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Raimondo to visit China, with US’s conciliatory gestures toward China

Raimondo to visit China, with US’s conciliatory gestures toward China

Posted August. 24, 2023 08:41,   

Updated August. 24, 2023 08:41


U.S. Commerce Secretary Gina Raimondo, who is in charge of regulating U.S. semiconductor exports to China, will visit China from Sunday to Wednesday. The development is noteworthy because the secretary in charge of semiconductor regulation is visiting China at a time when China's real estate crisis and other factors are raising fears of deflation (economic stagnation amid falling prices) there. Earlier in the day, the U.S. Commerce Department made a conciliatory gesture by exempting 27 Chinese companies from temporary export restrictions.

"Secretary Raimondo will be traveling to Beijing and Shanghai, China, to deliver the message that the United States does not seek 'decoupling' from China, but rather seek 'de-risking' to ensure supply chain resilience and protect our national security," White House National Security Adviser Jake Sullivan said Tuesday.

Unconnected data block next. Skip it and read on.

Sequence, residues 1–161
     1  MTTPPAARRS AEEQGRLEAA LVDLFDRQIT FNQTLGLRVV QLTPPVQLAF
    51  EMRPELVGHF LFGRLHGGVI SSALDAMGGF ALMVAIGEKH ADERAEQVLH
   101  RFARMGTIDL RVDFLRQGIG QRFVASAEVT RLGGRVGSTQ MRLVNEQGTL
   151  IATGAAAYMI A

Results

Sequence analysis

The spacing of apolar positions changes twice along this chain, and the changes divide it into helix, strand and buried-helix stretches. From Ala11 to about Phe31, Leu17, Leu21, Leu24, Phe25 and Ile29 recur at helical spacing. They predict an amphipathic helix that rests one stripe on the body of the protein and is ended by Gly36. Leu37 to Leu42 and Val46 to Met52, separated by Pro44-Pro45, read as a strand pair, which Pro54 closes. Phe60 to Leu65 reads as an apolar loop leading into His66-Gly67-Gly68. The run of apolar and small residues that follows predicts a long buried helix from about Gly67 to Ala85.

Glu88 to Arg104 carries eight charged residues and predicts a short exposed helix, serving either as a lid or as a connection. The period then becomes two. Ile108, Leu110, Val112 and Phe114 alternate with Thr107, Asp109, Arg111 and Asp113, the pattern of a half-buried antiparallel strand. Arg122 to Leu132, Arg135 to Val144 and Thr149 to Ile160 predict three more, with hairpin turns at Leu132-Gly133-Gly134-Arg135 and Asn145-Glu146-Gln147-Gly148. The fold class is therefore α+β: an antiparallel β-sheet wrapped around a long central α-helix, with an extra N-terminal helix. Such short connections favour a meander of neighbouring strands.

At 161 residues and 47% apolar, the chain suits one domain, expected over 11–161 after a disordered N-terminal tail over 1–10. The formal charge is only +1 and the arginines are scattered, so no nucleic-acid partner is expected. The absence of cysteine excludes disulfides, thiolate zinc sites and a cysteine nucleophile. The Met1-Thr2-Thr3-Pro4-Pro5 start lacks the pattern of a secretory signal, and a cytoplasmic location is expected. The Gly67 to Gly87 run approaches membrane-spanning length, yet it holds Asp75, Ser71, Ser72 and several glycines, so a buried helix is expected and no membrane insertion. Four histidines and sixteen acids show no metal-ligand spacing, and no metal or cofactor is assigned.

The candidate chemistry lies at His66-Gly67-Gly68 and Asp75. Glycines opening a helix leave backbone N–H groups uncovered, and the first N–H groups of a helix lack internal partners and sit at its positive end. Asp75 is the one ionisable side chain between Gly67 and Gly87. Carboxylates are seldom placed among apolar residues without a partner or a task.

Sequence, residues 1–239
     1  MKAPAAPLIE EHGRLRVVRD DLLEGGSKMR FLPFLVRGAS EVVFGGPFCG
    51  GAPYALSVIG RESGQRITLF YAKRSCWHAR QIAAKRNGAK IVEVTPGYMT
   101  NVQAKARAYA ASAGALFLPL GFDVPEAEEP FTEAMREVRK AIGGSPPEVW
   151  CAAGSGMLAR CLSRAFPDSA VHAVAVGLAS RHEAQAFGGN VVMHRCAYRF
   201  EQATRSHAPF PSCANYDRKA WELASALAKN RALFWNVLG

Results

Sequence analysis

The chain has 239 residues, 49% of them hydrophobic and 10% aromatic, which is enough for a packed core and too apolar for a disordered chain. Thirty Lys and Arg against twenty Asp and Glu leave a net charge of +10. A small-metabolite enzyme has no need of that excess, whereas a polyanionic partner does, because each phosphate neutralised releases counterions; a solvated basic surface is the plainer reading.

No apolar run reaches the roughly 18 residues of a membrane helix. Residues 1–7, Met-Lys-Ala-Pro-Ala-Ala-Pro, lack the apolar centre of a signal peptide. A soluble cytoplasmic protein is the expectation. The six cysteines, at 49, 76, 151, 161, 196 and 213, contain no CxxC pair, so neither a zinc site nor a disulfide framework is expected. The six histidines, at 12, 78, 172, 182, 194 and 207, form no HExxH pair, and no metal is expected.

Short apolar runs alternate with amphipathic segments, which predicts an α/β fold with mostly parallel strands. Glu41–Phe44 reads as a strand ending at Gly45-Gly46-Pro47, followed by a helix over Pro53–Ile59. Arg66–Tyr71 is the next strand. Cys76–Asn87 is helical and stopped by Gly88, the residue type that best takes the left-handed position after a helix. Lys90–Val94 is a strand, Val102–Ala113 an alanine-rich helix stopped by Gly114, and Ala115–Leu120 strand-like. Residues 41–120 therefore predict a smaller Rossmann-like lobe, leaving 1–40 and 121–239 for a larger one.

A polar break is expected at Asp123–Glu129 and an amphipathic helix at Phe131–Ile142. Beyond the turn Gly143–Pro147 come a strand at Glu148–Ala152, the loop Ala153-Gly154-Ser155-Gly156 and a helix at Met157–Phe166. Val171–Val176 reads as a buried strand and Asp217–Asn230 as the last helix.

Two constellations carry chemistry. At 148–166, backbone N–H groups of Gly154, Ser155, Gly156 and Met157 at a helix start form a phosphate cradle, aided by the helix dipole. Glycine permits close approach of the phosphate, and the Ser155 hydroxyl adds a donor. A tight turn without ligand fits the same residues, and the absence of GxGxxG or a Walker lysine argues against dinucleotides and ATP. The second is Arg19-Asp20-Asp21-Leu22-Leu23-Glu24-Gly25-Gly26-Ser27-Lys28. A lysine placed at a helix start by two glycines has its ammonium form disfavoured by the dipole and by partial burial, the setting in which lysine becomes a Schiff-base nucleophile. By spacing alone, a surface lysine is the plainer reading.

"Secretary Raimondo will provide a clear counterpoint to the view among some pundits in China that 'the U.S. wants China to slow down and stagnate economically,'" Sullivan said, emphasizing that a slowdown in China's economy is not what Washington wants. "China needs to be more transparent with its information disclosure," he said, citing China's failure to disclose its July youth unemployment rate.

Raimondo also met with Chinese Ambassador to the U.S. Xie Feng on the day to discuss economic and trade cooperation between the two countries. This is Xie's first meeting with Raimondo since taking office in May.

The Wall Street Journal reported that discussions on the final rule on semiconductor regulations are expected to be a major part of Raimondo's agenda during his visit to China. The U.S., which began regulating mass-market semiconductors in October last year, has recently decided to regulate investment in artificial intelligence, quantum computers, and advanced semiconductors as well, raising tensions between the two countries. In addition to discussing these issues, Raimondo will reportedly convey Washington’s concerns about China's anti-espionage law, which took effect last month. The West is concerned that the anti-espionage law, which applies broadly to domestic and foreign citizens, could be used as a tool to suppress human rights.